Search Images Maps Play YouTube News Gmail Drive More »
Sign in
Screen reader users: click this link for accessible mode. Accessible mode has the same essential features but works better with your reader.

Patents

  1. Advanced Patent Search
Publication numberUS7132823 B2
Publication typeGrant
Application numberUS 11/040,843
Publication dateNov 7, 2006
Filing dateJan 21, 2005
Priority dateJan 21, 2005
Fee statusPaid
Also published asUS20060164072
Publication number040843, 11040843, US 7132823 B2, US 7132823B2, US-B2-7132823, US7132823 B2, US7132823B2
InventorsKent W. Ng, Jeremy T. Braun, Gregory G. Williams, Harjit Singh
Original AssigneeMicrosoft Corporation
Export CitationBiBTeX, EndNote, RefMan
External Links: USPTO, USPTO Assignment, Espacenet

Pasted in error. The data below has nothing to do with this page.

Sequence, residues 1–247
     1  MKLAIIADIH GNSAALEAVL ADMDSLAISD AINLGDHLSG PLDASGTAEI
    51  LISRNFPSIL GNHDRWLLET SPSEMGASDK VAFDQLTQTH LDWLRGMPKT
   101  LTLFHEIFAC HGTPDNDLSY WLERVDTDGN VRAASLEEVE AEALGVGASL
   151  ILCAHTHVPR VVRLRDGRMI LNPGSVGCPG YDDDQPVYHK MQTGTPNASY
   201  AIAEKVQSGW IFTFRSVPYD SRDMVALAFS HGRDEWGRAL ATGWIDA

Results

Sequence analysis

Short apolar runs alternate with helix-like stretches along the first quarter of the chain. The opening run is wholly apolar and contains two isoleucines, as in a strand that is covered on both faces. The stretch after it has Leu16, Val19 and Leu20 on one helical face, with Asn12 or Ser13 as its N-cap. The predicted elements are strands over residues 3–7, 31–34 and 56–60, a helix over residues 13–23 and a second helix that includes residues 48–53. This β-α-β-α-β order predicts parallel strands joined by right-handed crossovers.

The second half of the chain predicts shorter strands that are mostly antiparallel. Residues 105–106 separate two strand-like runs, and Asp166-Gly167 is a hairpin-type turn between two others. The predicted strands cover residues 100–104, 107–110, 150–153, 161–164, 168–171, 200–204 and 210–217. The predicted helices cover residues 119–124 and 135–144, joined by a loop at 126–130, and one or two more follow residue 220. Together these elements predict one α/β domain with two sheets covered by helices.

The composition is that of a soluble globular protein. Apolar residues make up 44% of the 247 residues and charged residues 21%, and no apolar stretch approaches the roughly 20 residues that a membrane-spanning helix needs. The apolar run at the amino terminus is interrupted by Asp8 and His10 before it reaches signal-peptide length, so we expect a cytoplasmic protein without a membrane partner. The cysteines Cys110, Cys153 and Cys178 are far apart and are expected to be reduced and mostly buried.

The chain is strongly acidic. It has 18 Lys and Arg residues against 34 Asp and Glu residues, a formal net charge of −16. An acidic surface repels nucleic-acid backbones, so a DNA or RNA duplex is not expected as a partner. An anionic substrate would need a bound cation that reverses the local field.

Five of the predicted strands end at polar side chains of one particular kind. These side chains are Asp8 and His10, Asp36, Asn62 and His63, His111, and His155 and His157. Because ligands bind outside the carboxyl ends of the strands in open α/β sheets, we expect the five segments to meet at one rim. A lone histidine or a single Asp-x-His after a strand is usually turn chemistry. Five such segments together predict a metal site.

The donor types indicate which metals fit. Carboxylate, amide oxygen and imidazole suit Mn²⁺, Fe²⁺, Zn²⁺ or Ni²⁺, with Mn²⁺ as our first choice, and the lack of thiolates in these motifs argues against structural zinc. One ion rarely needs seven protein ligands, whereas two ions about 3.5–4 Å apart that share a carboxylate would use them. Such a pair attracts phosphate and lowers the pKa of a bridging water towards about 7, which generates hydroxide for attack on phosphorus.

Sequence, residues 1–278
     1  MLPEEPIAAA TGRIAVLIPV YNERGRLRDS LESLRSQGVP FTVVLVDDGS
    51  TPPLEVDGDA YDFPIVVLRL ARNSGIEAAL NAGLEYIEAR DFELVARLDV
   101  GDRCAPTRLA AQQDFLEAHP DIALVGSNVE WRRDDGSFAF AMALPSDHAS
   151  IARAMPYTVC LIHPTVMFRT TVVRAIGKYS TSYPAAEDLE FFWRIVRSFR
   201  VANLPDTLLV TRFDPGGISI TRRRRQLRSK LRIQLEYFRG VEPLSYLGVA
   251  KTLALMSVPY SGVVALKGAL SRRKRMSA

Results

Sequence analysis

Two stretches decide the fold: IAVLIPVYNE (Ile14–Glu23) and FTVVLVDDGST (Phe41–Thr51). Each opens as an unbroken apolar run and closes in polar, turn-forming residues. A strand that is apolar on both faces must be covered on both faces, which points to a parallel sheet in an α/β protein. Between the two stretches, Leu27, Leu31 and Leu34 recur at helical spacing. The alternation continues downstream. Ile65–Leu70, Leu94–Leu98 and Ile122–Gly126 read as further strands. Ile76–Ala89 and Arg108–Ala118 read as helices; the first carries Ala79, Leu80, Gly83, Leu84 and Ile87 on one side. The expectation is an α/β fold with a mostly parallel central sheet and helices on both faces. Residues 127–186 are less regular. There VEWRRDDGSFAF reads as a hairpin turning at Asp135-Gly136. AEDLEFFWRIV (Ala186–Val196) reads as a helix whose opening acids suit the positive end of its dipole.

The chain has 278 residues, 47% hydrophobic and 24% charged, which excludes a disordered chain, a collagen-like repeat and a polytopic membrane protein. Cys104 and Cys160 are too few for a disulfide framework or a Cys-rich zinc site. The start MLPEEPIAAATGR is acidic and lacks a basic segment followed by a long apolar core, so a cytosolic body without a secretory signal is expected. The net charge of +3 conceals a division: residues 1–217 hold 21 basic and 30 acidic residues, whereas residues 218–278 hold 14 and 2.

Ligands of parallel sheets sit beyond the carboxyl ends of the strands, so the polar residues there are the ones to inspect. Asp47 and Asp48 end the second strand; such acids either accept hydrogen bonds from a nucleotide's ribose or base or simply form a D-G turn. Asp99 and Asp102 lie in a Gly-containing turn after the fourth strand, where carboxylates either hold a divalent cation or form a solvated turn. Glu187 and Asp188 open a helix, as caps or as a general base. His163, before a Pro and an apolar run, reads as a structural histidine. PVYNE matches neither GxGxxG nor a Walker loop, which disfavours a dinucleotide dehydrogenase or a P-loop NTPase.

Design for test for a high speed serial interface
US 7132823 B2
Abstract
Detecting a connection between two circuits utilizing a high-speed interface. Interface circuitry internal to a computing device performs an initialization process between two processors automatically to determine the state of the interface connection. Test circuitry retrieves the interface state from the interface circuitry. Neither the configuration process, the interface circuitry or the test circuitry require full functionality of an IC on which they reside in order to operate.
Images(15)
Previous page
Next page
Claims(8)
1. A method for determining the state of a high speed interface, comprising: